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For over 25 years Martin Parr has been taking photographs in Scotland. From the streets of Glasgow, to an island agricultural show on the Orkneys, Parr has built huge archive of photographs. Now for the first time these images are to be published in this upcoming book to co-incide with his Think of Scotland exhibition at the newly opened Aberdeen Art Gallery. This body of work is Parr's largest archive that has remained unpublished and weaves together some of the expected visual iconography of Scotland such as highland games and stunning landscapes, but all given the Parr twist that makes the expected look so unfamiliar.
England has been a key subject of Magnum photographer Martin Parr's work since he started taking pictures. Think of Englandis a comic, opinionated, affectionately satirical, colour-saturated photo-essay about the identity of England. As Scotland and Wales consolidate their status as nations and Great Britain begins to unravel, this book of new work contributes to the debate about what it means to be English. Quintessentially English himself, Parr's great achievement as a photographer is his ability to transform the obvious into the surprising, reinventing clich├ęs of Englishness as provocative revelations. His tour of obvious England takes in Ascot and the charity shop, seaside resorts, herbaceous borders, the bring-and-buy stall, cucumber sandwiches and cups of tea, baked beans and bad footwear. Parr's work has already added to the visual vocabulary of England; this book, his first specifically on the subject of England, stretches it further. Simultaneously affectionate and brutally direct, all the photographs are shot with a ring flash camera (more usually used for medical photographs), which has been his medium of choice for the last four years.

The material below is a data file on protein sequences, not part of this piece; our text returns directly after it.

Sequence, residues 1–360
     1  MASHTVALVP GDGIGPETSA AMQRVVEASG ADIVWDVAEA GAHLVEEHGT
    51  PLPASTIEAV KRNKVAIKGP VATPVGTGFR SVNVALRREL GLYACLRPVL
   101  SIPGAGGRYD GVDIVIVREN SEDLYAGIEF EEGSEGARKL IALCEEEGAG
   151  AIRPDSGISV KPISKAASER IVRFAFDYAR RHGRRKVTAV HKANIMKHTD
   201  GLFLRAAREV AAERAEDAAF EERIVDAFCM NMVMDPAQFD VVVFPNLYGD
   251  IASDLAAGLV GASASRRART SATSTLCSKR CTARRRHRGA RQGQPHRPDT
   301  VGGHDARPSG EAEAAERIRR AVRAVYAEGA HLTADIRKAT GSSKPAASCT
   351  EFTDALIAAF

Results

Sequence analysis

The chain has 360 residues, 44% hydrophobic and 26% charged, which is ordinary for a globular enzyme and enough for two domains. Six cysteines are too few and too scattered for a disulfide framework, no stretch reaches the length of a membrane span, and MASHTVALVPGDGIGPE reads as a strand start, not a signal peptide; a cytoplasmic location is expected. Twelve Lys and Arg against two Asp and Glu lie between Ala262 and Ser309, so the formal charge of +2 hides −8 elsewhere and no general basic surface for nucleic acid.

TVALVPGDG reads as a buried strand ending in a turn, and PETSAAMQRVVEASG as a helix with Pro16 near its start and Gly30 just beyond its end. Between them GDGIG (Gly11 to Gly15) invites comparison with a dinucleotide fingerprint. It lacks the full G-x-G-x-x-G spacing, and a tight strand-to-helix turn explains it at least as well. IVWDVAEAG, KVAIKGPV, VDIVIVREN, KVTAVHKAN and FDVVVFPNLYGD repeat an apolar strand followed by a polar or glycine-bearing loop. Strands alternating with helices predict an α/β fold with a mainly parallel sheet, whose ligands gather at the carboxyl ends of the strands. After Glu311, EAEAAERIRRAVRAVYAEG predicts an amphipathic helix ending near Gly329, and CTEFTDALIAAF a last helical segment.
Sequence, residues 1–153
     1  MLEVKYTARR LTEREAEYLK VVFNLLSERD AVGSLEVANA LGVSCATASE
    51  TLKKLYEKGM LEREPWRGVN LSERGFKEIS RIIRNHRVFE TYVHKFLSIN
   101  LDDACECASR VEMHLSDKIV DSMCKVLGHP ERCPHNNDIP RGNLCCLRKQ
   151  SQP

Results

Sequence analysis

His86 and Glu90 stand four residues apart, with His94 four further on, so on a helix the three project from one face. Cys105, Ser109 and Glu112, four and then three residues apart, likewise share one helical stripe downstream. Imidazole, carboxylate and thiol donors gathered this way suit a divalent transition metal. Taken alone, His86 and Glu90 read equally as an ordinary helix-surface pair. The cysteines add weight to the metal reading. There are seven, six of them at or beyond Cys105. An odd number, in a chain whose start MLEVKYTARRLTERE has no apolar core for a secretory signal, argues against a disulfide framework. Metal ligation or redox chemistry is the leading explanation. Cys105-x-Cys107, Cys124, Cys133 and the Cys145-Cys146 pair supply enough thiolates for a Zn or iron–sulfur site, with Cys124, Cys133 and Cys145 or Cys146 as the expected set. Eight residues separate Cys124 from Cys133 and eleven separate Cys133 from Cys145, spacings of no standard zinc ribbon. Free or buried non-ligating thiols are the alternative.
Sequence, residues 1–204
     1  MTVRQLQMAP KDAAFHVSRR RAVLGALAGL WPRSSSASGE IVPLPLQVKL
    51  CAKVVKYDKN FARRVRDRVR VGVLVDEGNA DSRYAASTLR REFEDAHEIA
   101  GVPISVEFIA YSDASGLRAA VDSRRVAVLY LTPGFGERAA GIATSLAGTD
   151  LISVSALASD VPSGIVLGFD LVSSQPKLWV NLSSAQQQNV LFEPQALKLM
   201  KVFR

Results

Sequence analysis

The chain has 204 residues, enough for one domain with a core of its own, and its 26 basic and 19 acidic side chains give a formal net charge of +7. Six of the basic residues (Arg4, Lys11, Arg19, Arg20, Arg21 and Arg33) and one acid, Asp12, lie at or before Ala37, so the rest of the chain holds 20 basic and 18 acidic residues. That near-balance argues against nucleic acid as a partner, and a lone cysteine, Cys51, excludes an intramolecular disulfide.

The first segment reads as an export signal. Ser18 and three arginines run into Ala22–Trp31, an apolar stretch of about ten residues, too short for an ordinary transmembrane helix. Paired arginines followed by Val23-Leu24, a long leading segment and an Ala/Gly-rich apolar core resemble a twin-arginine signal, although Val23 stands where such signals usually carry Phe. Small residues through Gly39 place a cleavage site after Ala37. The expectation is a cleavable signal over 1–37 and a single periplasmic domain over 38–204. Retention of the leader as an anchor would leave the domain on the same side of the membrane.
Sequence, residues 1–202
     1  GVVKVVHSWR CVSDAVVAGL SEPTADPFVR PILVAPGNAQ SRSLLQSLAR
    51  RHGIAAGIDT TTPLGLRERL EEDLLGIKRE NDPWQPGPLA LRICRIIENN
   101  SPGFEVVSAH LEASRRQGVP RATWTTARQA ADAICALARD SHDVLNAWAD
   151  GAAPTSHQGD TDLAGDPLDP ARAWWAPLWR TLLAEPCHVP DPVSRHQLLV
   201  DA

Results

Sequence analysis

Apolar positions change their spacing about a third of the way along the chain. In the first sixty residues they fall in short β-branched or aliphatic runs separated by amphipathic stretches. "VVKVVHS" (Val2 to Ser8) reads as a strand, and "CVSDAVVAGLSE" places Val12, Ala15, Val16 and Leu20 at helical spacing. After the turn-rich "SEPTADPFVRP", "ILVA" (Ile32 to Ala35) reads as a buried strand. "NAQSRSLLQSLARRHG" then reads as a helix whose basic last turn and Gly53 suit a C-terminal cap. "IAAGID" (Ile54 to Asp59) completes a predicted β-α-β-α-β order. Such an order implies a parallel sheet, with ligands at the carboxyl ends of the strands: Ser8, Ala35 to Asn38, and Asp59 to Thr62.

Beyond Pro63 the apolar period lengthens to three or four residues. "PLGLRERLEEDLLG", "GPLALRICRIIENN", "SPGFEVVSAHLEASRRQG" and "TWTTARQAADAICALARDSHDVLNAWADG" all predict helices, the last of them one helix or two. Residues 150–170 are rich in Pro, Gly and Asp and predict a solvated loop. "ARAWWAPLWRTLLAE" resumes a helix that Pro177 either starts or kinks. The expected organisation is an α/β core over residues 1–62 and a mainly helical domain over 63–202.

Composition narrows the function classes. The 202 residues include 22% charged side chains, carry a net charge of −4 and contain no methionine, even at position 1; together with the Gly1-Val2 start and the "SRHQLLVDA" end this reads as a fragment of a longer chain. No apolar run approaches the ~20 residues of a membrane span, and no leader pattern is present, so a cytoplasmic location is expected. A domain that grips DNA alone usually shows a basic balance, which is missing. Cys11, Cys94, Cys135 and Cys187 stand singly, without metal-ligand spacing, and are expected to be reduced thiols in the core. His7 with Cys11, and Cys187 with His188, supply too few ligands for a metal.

'British Studies' and 'British Cultural Studies' cover a wide range of facets of contemporary Britain. Studying British Cultures: An Introduction is a unique collection of essays which examine the most significant aspects of this quickly developing area of study, analyzing the ways of teaching and reading British culture. The work covers the contemporary and key issues, including: the terminological distinction between 'British Studies' and 'British Cultural Studies' the problem of national cultures and identities in contemporary Britain studying language and literature from a British Studies perspective models for studying the historical context of the development of ideas of `Britishness' studying contemporary Britain overseas The contributors are some of the key names in current debates surrounding British Studies, and Susan Bassnett holds together their work with a substantial and accessible introduction. Studying British Cultures: An Introduction will be essential reading for students and teachers concerned with the study of contemporary Britain.